St. Nectaire

CANTOREL Saint Nectaire, (Sahn Neck-tare) this historic cheese of the France, is crafted in the Auvergne region. It is a circular cheese with an uncooked paste, pressed, salted, with a distinctive bloomy rind. Made exclusively from the Salers cows’ milk, (a breed that produces very rich milk due to the volcanic pastures and aromatic flora of the region). Saint Nectaire has a creamy, dense texture with soft acidity and a delicate taste of hazelnuts and mushrooms. Beneath the grey rind, with white, yellow or red patches, is the pâte with creamy appearance and occasional residual holes. Saint Nectaire is crafted in two stages; first the white cheese is produced, then it is aged for two-three months in cellars. It goes well with fruits, vegetables, soups and many dishes. Enjoy it with a glass of Beaujolais or a light Pinot Noir.

THE OCCITAN CHEESE DAIRIES

Following the collection, the milk is then cultured before rennetting. Leavens made up of lactic bacteria carry out inoculation of the milk. After the formation of the curd (agglomeration of the milk) takes place, then follows cutting of coagulum, stirring in a vat, molding (the pieces of curd are cut off in order to be placed in moulds) and pressing. After pressing, the cheeses are removed from the mould and then placed in a cold room. During the ripening phase the cheese is perfected and the components of the curd (lactose, fatty acid and proteins) are transformed; this phase is also referred to as the “enzymatic digestion”. The three main forces behind this transformation are: - the bacterial flora brought by the ferments, - the yeasts, - the molds. The average length of ripening ranges from 45 to 50 days including 3 main operations: washing, salt rubbing and turning over. Each week for the first 3 weeks, the cheeses are washed. The salt assists in the whey drainage of the cheese, and also in the formation of a pinkish and bloomy rind, thus encouraging the development of micro-organisms and intensifying the flavor of the cheese. Regular case hardening of the cheese can be achieved due to rubbing and turning over. The final product is of a circular shape, at an average 8 inch in diameter, 1.9 inch in thickness and has a weight of about 3.75 lbs.

HISTORY

Saint Nectaire Cheese Introduced to the court of Louis XIV by the Maréchal of France, Henry II de Senectère (1600-1681), the Saint Nectaire contained the necessary flavors to impress the Sun King. Henry II de Senectère then devoted himself to promoting the cheese that, from then on, was to bear the name of his illustrious family (the spelling altered over the years). Its reputation was further established when Legrand d’Aussy wrote in 1768, in the tale of his journey to Auvergne: “If somebody is going to treat you over there, they will always tell you about Saint Nectaire". Saint Nectaire, consumed for centuries by only the local population, won over the aristocracy in the second half of the 18th century.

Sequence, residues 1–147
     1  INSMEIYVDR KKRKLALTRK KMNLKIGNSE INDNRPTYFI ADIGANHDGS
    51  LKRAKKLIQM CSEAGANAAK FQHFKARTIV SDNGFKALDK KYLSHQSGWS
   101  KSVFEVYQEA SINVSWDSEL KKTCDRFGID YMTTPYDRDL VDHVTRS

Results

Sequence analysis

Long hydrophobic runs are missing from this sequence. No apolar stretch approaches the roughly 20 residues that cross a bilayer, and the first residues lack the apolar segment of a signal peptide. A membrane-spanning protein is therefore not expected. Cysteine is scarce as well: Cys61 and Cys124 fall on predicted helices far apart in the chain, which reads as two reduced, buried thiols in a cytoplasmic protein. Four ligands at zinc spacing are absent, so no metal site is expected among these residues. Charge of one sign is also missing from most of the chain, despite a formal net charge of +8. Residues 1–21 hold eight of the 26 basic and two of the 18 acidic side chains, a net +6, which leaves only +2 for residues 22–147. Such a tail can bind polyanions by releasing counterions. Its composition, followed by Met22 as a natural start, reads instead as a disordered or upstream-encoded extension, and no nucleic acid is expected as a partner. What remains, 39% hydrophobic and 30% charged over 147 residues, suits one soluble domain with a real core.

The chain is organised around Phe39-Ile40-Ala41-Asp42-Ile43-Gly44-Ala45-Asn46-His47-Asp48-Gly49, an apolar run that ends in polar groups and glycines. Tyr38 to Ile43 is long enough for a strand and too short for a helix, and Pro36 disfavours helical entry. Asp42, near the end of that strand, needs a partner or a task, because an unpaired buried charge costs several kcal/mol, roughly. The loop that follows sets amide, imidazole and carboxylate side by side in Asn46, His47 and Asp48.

PRODUCTION

The production area of Saint Nectaire cheese is one of the smallest PDO (Protected Designation of Origin) areas in France, whose limits have been legally set by the decree of the 1st December, 1955. Its territory is limited to 72 communes, on a rich volcanic area, that of the Monts Dorés, at an altitude ranging from 750 to 1,200 meters. Saint Nectaire cheese must only be developed with cow’s milk coming from the area of registered designation and must be produced within this area of registered designation. Cantorel Saint-Nectaire is produced in the area of Lanobre in the heart of Auvergne. There are two kinds of Saint Nectaire (considering that the crafting stages): Saint Nectaire farmhouse cheese: a raw cow’s milk cheese, an uncooked pressed cheese with bloomy rind presenting some white, yellow or red moulds. It contains 45% of fat in dry matter and its dry extract is 52%. Saint Nectaire dairy cheese: the only difference with the farmhouse Saint Nectaire comes from its method of production carried out in the dairy processing plant. It is most often produced from pasteurized milk.

CRAFTING

Saint Nectaire Cheese Following the collection, the milk is then cultured before rennetting. Leavens made up of lactic bacteria carry out inoculation of the milk. After the formation of the curd (agglomeration of the milk) takes place, then follows cutting of coagulum, stirring in a vat, molding (the pieces of curd are cut off in order to be placed in moulds) and pressing. After pressing, the cheeses are removed from the mould and then placed in a cold room. During the ripening phase the cheese is perfected and the components of the curd (lactose, fatty acid and proteins) are transformed; this phase is also referred to as the “enzymatic digestion”. The three main forces behind this transformation are: - the bacterial flora brought by the ferments, - the yeasts, - the molds. The average length of ripening ranges from 45 to 50 days including 3 main operations: washing, salt rubbing and turning over. Each week for the first 3 weeks, the cheeses are washed. The salt assists in the whey drainage of the cheese, and also in the formation of a pinkish and bloomy rind, thus encouraging the development of micro-organisms and intensifying the flavor of the cheese. Regular case hardening of the cheese can be achieved due to rubbing and turning over. The final product is of a circular shape, at an average 8 inch in diameter, 1.9 inch in thickness and has a weight of about 3.75 lbs.

RECIPES


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written by Pandora Charms Bracelets, April 04, 2012
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